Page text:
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A week into the Stanley Cup playoffs, a few trends stand out. One is that we’re seeing a lot of goals. After a high-scoring regular season in which teams averaged 3.14 goals per game apiece — the most since 1995-96 — it’s up to 3.27 so far in the playoffs.
Another pattern is that just about every series is close. Yesterday’s games ended with four series being tied 2-2, and three more could be even after tonight. The only outlier is the Colorado-Nashville series, where the Cup-favourite Avalanche can complete a sweep tonight after winning the first three games by a combined score of 16-6.
And yet, despite the closeness of seven of the eight series, doesn’t it feel like every game is a blowout? It’s not just a vibe: the average margin of victory in the 28 playoff games so far is about 3.3 goals. Six of the eight series have an average victory margin of more than three goals — including a whopping 4.25 in the Edmonton-L.A. matchup, which is somehow tied 2-2. The only series consistently producing close contests is Calgary vs. Dallas, which the Stars lead 2-1 after rebounding from a 1-0 loss in the opener to win the next two games by two goals each — both capped by an empty-netter. In total, only four of the 28 playoff games have been decided by one goal, with only two going to overtime. That’s strange, especially considering the 16 worst teams in the league are currently sitting at home, which should reduce both the quantity and magnitude of mismatches.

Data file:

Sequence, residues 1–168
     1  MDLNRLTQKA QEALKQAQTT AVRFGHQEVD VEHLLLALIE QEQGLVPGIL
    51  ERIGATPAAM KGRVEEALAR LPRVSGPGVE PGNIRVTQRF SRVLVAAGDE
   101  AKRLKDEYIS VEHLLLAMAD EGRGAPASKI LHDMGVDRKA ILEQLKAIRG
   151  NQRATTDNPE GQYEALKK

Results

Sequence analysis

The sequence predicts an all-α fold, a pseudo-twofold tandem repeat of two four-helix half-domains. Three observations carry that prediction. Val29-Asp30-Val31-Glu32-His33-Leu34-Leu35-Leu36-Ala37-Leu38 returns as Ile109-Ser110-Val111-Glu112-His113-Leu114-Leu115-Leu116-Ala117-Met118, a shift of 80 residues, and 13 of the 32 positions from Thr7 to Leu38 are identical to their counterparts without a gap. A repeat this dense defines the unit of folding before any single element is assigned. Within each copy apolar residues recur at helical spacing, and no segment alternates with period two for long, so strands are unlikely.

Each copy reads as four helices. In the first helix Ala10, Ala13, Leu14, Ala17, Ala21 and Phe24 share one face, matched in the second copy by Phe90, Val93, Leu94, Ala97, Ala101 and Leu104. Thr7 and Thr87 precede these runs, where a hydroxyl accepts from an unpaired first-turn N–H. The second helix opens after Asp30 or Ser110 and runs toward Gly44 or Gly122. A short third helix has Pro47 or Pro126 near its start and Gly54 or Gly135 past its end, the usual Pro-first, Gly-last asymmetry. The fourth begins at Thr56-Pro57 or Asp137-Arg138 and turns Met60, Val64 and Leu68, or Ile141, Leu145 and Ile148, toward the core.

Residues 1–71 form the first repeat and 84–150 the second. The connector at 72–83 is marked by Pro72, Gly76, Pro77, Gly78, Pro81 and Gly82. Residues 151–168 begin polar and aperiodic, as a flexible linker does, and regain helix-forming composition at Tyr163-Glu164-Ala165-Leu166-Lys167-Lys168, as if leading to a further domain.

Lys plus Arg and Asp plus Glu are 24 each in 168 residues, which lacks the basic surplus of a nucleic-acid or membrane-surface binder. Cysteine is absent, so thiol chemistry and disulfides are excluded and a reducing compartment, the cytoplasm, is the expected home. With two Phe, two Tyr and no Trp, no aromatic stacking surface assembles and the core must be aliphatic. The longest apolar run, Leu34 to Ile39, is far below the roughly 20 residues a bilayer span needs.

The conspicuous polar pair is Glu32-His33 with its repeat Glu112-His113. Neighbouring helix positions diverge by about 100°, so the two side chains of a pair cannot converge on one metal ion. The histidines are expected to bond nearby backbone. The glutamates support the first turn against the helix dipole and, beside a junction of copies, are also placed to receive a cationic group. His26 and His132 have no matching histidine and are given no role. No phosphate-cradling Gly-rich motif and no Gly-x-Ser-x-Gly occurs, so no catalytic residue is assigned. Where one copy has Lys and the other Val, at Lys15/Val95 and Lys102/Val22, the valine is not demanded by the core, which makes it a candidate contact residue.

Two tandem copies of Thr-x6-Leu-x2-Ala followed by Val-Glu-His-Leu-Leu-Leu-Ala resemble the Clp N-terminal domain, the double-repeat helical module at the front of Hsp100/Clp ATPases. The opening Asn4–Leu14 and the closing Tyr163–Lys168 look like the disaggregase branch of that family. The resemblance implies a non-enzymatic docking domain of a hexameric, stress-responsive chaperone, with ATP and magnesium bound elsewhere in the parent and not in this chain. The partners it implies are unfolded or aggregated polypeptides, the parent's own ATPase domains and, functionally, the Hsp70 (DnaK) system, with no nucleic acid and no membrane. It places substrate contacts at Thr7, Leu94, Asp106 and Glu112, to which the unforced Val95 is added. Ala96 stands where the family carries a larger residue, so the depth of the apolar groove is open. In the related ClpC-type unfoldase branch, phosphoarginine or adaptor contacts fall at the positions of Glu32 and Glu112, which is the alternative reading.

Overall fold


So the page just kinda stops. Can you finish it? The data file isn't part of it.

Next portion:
A quick crunching of the playoff numbers shows it’s not the latter — power-play success rate is slightly down from the regular-season mark of 20.61 per cent (the highest since 1989-90). But the number of power-play opportunities is up — way up. In the regular season, teams averaged about 2.9 chances with the man advantage per game. So far in the playoffs, they’re averaging a whopping 4.2 per game apiece.
All things being equal, more power plays means more goals, and more goals are good for business. But NHL commissioner Gary Bettman insisted last week that the league has not ordered officials to call more penalties in the playoffs. “The standard is the standard,” he said when asked about the uptick in whistles. “It’s not a regular-season standard, it’s not a playoff standard. We continue to reinforce to the officials, ‘We want you to call the NHL standard.’ And that standard is to reinforce speed and skill and the officials are doing that.” And then some.
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